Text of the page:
(CNN) -- Malawi said it won't host an African Union summit next month because the organization wants Omar al-Bashir, the Sudanese leader accused of war crimes in Darfur, to attend.
Activists hailed the small and economically struggling southern African nation's stance, announced by Malawian Vice-President Khumbo Kachali on state radio Friday.
Al-Bashir is wanted by the International Criminal Court on charges of war crimes and genocide, but he has eluded arrest.
Malawi is one of many countries that ratified the Rome Statute, which created the ICC, and those nations are obliged to carry out the court's orders, including its arrest warrants.
"While we have obligations to abide by decisions of the AU, we are also under obligation to other international agreements including the Rome Statutes," Kachali said.
Kachali said the summit appears to be headed to the Ethiopian capital of Addis Ababa, also the AU headquarters. Sudan asked the AU to move the meeting there after Malawi said al-Bashir would not be welcome.
Undule Mwakasungula, director of the Malawi Center for Human Rights and Rehabilitation, is quoted in a Human Rights Watch news release Friday that "Malawi has done right by Darfur victims today."
"Malawian President Joyce Banda took a strong stance in support of justice despite tough pressure from the African Union," he said
The AU, the organization of countries across the African continent, has said before that its members shouldn't cooperate with al-Bashir's arrest.
Al-Bashir made trips abroad for meetings despite the ICC warrants against him crimes in the Darfur region, where rebels have fought government forces and allied militiamen such as the Janjaweed since 2003.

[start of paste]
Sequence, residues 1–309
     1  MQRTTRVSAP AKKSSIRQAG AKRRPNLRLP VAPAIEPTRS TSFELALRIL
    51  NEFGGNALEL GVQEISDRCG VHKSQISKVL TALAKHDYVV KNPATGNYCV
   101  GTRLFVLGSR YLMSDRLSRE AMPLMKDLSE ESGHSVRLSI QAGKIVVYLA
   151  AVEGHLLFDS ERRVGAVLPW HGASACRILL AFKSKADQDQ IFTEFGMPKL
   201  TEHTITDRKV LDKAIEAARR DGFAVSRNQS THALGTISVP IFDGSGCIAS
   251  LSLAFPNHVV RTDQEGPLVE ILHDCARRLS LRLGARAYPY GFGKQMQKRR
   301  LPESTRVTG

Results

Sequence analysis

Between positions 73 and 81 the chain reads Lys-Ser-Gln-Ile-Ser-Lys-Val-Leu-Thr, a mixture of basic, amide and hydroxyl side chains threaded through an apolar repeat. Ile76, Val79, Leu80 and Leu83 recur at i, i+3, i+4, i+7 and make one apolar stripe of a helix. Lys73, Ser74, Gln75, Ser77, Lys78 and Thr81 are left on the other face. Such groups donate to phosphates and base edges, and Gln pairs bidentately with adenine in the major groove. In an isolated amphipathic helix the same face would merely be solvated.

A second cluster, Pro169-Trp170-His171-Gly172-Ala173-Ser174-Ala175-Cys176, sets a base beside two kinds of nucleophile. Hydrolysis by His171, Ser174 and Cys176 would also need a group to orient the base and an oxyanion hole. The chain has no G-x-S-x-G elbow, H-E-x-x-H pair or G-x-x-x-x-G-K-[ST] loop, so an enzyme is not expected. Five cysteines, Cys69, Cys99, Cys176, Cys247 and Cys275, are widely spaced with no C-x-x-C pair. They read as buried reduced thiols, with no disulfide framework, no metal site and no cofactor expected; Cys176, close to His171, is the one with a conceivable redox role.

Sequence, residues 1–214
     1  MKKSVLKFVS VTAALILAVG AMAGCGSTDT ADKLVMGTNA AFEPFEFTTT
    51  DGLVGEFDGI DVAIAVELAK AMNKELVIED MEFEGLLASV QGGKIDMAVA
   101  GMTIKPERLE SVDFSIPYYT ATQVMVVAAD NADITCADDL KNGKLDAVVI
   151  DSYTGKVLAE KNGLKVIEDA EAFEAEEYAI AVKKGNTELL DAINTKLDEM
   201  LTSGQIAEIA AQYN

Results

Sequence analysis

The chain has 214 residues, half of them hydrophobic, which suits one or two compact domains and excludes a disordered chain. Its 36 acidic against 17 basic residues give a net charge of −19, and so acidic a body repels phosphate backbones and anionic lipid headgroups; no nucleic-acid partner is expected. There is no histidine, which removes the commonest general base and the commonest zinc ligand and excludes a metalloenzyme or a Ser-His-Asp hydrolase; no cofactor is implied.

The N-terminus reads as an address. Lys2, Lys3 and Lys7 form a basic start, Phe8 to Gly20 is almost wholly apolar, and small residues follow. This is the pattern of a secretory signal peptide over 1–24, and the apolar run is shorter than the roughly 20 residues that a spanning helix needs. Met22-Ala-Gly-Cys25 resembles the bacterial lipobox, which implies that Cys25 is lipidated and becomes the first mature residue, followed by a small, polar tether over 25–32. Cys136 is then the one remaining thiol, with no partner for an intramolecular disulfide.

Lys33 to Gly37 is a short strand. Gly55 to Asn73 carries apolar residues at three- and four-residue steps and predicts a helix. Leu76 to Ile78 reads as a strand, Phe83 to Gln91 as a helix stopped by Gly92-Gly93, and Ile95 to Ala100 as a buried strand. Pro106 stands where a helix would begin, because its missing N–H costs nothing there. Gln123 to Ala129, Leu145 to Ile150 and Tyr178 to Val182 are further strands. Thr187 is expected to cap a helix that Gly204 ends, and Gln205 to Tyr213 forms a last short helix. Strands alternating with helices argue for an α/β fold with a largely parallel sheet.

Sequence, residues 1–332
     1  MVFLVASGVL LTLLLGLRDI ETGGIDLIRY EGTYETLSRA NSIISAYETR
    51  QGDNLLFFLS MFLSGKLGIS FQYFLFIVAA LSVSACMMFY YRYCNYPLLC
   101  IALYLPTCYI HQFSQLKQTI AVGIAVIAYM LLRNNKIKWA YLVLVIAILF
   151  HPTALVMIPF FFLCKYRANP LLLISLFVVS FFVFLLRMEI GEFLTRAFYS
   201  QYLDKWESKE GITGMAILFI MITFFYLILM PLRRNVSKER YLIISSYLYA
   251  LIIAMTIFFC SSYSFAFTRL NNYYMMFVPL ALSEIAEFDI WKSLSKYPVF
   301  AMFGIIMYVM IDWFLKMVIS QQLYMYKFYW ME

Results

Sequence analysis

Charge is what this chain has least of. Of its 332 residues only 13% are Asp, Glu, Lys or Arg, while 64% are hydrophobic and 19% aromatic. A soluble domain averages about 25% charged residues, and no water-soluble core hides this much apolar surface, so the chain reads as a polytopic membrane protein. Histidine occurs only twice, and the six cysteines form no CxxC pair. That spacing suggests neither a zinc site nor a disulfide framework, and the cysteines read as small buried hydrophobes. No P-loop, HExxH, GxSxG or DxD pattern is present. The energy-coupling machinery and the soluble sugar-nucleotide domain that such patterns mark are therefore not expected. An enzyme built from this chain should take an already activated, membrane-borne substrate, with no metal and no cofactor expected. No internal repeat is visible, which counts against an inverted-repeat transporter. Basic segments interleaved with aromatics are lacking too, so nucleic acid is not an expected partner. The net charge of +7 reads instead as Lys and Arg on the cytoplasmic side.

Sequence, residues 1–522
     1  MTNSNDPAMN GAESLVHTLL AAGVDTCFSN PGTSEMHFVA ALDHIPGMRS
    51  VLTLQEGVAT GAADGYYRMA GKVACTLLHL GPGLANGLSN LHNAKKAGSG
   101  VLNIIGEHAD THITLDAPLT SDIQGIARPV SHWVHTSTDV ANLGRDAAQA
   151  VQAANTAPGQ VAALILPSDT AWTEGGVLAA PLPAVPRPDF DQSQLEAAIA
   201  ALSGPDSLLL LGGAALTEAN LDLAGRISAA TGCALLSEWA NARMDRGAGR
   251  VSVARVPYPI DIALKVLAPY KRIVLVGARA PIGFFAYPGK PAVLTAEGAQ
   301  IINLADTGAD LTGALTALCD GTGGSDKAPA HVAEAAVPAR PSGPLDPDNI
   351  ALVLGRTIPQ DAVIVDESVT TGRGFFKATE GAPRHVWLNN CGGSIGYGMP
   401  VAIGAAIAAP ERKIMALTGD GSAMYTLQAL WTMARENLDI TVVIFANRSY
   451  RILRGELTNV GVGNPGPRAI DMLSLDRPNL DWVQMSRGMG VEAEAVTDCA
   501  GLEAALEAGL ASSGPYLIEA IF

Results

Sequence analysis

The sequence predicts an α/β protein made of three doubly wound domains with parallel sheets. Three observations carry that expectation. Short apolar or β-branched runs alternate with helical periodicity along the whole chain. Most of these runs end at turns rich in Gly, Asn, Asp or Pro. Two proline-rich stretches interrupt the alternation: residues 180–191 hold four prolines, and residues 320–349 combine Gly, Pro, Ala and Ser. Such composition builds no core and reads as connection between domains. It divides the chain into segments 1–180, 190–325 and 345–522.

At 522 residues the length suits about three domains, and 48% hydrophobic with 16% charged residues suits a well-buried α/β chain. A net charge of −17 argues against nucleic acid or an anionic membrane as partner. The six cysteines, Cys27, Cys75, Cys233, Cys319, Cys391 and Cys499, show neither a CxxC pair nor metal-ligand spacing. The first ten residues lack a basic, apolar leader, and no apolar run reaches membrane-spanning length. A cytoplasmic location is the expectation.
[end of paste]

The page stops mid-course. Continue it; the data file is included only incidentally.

Malawi welcomed al-Bashir last year for a regional trade meeting when the country was led by President Bingu wa Mutharika.
The Human Rights Watch said Chad, Kenya and Djibouti have permitted him on their territory. But other countries have canceled visits or have said that the wanted president is unwelcome.
"Malawi joins an increasing number of countries that have declined to welcome al-Bashir," said Alan Wallis, international justice lawyer at the Southern Africa Litigation Center, quoted by Human Rights Watch. "More states should follow Malawi's example."
Banda became president in April after Mutharika died. After she took power, she said Malawi would host the summit but stressed that al-Bashir wouldn't be welcomed because of the arrest warrant. the Human Rights Watch said.
Banda has said that Malawi would lose all-important donor support if it invited al-Bashir to the country.
"Civil society groups across the African continent have repeatedly urged governments to arrest -- not host -- al-Bashir," said Elise Keppler, senior international justice counsel at Human Rights Watch. "African activists have called for their governments to stand with victims, not with suspected war criminals."
Journalist Gregory Gondwe in Lilongwe, Malawi and CNN's Joe Sterling in Atlanta contributed to this report